Filmmakers tend to develop several film projects at the same time. The reason is simple; some projects never get made, so it makes sense to have several in the works – even if one falls, another may get produced.

The importance of a pitch

So why do film projects fall? There are as many reasons as there are projects, but when a filmmaker gets an idea for his next movie, he seldom can – or wants to – hire a team of professionals to make it happen. Instead, he has to step out of the artist’s role and turn into a salesman knocking on the doors of the financiers. These could be producers, tv-channel executives, institutes offering grants or potential crowdfunders. To this end, the filmmaker has to turn his idea into a sales pitch. The term comes from baseball, and by pitching the filmmaker throws the ball to the financiers.

If the project doesn’t convince the financiers, it won’t get made. Therefore, preparing a convincing pitch is one of the most important stages of filmmaking.  At its shortest, a pitch can be just one sentence, such as “Jaws in space” for Ridley Scott’s Alien, but usually it tells at least the film’s genre and the story in short.

Mood reel enlivening the pitch

If the filmmaker has enough time and passion, he can prepare a mood reel to better convey his vision. Mood reels are seldom seen in public, for typically they contain copyright-protected material, such as clips from other movies and mood-related music. They are not fine art, but one of the tools the filmmaker uses to push his project forward. Therefore they get forgotten after fulfilling their purpose.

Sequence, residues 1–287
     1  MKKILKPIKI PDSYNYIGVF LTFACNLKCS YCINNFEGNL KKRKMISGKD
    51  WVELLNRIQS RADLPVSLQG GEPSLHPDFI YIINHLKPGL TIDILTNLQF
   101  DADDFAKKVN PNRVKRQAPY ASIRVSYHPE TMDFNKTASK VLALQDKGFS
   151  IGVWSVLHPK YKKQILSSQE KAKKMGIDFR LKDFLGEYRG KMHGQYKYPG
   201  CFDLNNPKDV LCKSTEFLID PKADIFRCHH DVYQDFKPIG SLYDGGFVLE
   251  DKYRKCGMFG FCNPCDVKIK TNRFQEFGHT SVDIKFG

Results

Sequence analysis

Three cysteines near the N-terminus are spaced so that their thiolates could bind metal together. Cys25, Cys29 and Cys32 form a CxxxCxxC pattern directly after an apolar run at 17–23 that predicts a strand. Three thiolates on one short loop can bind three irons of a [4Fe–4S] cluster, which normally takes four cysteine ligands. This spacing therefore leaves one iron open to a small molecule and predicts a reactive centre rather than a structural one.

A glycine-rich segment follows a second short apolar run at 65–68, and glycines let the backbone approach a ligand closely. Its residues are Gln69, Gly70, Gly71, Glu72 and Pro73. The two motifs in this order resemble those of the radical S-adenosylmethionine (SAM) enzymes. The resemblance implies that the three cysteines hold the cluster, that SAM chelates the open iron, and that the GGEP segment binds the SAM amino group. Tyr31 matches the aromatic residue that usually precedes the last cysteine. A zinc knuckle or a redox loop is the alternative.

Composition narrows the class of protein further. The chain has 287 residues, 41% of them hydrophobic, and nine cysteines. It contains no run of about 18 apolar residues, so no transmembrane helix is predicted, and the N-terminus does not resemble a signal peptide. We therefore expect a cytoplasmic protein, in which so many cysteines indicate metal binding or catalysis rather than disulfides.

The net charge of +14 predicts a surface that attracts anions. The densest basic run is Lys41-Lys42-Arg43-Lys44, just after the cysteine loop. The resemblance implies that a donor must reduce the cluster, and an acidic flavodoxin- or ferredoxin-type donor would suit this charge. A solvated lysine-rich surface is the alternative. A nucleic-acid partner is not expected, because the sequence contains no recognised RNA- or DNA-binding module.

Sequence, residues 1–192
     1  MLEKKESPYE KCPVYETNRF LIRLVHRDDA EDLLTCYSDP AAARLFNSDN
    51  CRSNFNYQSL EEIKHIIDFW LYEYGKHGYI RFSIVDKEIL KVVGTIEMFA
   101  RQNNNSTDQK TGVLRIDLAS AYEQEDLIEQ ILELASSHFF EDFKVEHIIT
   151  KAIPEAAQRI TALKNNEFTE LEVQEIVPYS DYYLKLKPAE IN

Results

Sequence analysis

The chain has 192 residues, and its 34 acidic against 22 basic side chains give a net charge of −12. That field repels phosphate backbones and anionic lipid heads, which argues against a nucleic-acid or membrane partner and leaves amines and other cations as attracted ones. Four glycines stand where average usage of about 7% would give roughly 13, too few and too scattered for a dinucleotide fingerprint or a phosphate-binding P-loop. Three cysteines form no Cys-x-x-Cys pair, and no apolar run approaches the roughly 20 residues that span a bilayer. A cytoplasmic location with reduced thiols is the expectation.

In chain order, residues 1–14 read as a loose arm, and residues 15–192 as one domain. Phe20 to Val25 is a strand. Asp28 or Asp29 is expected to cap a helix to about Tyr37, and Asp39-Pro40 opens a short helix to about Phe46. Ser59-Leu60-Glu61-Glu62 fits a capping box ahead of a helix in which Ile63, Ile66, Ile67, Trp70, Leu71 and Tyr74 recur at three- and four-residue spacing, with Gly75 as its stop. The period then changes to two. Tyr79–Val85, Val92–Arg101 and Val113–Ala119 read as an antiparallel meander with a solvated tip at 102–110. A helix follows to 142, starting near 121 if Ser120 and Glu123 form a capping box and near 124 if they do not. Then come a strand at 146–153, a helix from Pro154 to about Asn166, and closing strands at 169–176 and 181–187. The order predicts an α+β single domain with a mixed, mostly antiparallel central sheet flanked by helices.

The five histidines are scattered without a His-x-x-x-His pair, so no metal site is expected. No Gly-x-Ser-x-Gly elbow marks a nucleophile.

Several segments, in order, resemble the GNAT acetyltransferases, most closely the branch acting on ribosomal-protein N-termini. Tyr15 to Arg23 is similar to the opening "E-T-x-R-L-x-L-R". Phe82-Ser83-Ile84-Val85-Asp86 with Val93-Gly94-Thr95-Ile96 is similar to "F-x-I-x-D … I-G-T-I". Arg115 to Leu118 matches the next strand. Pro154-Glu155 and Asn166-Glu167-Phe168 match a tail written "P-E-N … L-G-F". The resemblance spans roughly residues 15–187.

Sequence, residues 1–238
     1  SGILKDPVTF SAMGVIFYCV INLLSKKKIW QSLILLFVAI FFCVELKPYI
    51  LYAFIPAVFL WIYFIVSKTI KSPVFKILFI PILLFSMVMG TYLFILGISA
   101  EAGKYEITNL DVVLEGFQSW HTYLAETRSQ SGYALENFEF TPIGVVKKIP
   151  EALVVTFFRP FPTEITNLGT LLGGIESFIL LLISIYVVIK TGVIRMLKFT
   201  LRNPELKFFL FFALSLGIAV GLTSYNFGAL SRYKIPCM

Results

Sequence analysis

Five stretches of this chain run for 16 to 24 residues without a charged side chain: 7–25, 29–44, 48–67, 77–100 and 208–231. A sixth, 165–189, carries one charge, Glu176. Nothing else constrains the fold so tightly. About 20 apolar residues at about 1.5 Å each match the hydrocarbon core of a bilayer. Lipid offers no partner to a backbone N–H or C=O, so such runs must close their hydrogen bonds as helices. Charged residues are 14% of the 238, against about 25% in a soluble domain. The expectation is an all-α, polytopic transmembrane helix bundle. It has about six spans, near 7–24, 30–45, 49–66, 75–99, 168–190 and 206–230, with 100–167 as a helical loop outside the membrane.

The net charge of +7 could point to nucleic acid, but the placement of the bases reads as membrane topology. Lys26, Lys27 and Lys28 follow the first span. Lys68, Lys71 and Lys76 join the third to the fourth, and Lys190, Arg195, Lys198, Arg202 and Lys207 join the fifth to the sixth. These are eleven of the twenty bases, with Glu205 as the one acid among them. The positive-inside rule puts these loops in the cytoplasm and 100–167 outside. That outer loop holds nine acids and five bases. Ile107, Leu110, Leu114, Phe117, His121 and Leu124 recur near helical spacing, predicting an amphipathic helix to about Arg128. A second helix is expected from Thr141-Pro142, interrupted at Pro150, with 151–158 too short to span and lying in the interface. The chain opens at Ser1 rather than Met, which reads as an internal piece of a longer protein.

I’ve long wanted – and still do – to make a short film about Eino Leino‘s poem The Dark One, which has for over a century the been the favorite piece of melancholic Finnish youngsters. Since the poem is most likely not familiar to everyone, I prepared a mood reel where I combined my two favorite adaptations of the poem; Hannu Huuska‘s recitation with Petri Hiltunen‘s comic book art. 

This piece was also my first attempt at creating motion comics, which I intend to investigate further in the future. Even though the result is a bit rough, it felt like a pity to just bury it on my hard drive, so I put it on YouTube for all to see. I hope it will introduce the art of Leino, Huuska and Hiltunen to new audiences in the years to come. And who knows – maybe one day it help me fulfill my dream of making The Dark One as a short film.